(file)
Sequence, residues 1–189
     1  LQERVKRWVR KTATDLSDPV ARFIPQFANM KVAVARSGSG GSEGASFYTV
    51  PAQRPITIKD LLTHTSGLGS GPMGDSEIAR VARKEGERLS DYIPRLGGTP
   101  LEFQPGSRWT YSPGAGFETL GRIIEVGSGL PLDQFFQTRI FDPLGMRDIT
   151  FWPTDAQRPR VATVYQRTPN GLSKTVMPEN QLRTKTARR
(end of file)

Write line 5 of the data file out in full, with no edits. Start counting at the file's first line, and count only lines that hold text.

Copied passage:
   151  FWPTDAQRPR VATVYQRTPN GLSKTVMPEN QLRTKTARR